Inclusion and inclusive practice in Australia

Catherine Carroll-Meehan

Research output: Chapter in Book/Report/Conference proceedingChapter (peer-reviewed)peer-review


This chapter is part of an edited book, with chapters about other countries, it is critical to set this chapter within the context of Australia. Alexander (2014) warned about the dangers of surface comparisons of education systems internationally which leads to “policy grafting or transplant” (p. 1). The education system in Australia and the way in which curriculum has been constructed for Australian children reflect a range of cultural, historical, geographical, economic, social and political factors. Therefore, this chapter contains a series of snapshots to highlight the Australian context.

As an Australian, living in the UK, I have an understanding of both the Australian and the UK contexts. On reflection of my experience as an early childhood teacher in a range of settings including: day care and schools in Australia, I have worked with children, families, other professionals in the care and education of individual children and parents/carers with disabilities. One belief that I hold based on my experiences is that disability is for life, not just about the time children are in school. This view is consistent with the language used historically in Australian literature about inclusion, and in the 1990s and into the 21st century Australian authors concentrated on the rights of individuals to an appropriate education rather than a deficit model of ‘needs’.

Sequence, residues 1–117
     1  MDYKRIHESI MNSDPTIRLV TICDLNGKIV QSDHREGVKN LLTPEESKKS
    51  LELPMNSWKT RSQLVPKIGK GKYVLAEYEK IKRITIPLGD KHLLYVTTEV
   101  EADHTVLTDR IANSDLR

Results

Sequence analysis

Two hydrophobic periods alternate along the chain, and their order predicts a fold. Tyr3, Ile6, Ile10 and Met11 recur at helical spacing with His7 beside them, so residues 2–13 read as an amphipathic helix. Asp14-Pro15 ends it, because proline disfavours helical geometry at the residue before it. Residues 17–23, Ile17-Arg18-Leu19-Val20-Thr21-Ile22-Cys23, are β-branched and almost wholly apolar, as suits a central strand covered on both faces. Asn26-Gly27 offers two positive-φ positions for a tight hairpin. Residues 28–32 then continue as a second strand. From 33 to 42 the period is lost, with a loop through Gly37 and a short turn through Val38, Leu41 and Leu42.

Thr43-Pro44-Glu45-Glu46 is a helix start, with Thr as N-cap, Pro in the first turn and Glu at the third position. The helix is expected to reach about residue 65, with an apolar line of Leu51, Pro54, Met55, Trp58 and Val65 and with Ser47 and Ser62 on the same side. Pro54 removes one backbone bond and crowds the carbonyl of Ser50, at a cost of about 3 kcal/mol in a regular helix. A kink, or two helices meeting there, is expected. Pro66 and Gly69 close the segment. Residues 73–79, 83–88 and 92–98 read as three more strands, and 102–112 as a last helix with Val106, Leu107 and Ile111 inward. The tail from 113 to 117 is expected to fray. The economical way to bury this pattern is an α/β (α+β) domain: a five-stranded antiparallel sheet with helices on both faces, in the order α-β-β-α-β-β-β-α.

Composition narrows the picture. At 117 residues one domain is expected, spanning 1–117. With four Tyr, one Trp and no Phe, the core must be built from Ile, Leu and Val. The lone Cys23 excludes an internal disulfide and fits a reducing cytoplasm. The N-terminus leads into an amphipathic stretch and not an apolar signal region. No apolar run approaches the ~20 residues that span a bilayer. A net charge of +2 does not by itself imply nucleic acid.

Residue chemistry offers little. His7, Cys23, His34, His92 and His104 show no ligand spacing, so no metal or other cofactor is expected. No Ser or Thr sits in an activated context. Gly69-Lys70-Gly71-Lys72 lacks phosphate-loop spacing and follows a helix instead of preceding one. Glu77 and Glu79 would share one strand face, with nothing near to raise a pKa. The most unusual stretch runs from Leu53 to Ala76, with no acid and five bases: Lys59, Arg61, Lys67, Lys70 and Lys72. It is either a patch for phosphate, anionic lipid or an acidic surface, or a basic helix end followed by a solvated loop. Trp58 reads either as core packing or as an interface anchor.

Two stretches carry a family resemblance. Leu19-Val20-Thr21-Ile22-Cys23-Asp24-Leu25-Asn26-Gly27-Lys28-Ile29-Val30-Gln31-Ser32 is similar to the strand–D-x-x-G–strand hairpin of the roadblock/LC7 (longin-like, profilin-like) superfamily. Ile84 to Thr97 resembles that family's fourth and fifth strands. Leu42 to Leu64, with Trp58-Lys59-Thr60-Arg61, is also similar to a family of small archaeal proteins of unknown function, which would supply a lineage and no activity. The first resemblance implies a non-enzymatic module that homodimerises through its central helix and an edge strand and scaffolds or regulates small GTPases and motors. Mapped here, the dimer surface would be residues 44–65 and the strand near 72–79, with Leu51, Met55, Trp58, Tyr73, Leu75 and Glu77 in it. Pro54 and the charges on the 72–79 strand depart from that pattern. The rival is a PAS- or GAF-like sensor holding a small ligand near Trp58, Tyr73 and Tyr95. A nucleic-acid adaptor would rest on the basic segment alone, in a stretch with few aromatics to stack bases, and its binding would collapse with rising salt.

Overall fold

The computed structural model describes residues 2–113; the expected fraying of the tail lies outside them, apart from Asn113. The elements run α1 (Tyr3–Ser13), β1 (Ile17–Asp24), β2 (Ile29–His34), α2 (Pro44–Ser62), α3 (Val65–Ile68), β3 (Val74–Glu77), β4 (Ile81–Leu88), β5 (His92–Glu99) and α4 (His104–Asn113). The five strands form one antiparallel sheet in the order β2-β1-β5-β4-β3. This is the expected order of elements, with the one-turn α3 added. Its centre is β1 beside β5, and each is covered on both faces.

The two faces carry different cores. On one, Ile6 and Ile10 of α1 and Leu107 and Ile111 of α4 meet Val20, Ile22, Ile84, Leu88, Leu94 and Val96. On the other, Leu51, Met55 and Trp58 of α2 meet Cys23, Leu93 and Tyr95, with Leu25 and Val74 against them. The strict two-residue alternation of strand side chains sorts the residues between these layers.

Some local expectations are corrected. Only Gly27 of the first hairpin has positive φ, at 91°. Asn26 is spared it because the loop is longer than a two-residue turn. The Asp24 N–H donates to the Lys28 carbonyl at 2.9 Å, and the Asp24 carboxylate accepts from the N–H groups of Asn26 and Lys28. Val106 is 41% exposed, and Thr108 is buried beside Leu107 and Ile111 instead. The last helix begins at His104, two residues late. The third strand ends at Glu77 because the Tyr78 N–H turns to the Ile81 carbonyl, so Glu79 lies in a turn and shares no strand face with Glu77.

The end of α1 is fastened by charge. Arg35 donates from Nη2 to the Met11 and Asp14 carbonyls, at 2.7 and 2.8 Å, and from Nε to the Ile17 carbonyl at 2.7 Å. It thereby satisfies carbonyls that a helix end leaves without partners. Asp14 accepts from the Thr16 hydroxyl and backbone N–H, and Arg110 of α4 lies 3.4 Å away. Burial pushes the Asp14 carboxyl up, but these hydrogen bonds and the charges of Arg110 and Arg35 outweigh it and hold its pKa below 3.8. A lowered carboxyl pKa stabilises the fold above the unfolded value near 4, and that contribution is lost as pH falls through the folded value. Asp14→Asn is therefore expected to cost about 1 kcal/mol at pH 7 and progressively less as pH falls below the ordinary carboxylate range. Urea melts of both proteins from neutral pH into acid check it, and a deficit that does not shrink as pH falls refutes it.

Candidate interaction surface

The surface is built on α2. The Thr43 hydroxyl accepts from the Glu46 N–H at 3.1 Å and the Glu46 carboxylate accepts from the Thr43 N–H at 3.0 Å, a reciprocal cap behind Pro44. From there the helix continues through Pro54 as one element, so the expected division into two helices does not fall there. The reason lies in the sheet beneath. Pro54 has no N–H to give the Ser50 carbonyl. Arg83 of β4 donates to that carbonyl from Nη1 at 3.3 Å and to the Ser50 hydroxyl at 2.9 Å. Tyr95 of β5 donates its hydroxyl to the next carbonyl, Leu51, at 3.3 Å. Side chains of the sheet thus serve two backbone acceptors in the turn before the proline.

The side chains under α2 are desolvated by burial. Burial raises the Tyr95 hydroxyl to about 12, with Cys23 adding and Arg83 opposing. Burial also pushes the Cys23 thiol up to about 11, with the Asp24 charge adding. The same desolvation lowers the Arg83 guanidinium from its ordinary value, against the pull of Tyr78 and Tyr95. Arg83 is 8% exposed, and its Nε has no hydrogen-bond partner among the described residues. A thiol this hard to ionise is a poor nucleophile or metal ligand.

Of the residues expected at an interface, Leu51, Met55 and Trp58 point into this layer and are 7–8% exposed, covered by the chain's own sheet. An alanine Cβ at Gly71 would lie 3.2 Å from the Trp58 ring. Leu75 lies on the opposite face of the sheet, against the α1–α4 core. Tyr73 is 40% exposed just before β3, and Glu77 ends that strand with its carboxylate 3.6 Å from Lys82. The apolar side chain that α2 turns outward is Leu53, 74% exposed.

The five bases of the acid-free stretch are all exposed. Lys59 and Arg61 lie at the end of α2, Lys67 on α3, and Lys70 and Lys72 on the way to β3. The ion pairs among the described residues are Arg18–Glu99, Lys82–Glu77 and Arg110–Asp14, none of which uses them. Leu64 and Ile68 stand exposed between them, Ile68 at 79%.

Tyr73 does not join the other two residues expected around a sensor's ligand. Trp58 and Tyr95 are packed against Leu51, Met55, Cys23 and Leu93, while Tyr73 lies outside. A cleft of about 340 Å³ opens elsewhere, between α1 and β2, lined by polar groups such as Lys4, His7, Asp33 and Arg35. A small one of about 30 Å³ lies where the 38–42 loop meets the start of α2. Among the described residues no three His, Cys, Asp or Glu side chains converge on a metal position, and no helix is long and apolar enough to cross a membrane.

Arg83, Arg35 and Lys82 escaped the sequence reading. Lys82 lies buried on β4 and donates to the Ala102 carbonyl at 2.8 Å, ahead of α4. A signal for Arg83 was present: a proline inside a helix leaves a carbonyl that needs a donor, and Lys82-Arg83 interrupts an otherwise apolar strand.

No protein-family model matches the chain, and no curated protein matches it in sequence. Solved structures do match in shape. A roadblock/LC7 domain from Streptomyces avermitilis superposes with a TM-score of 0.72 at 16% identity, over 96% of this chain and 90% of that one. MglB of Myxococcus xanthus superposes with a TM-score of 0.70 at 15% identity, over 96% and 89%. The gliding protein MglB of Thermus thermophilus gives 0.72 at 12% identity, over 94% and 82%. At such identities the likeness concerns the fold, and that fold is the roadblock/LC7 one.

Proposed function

Original languageEnglish
Title of host publicationInclusive Education: Perspectives on Policy, Pedagogy and Practice
EditorsZeta Brown
ISBN (Electronic)9781315691152
ISBN (Print)9781138913899, 9781138913905
Publication statusPublished - 29 Apr 2016

Publication series

NameThe Routledge Education Studies Series


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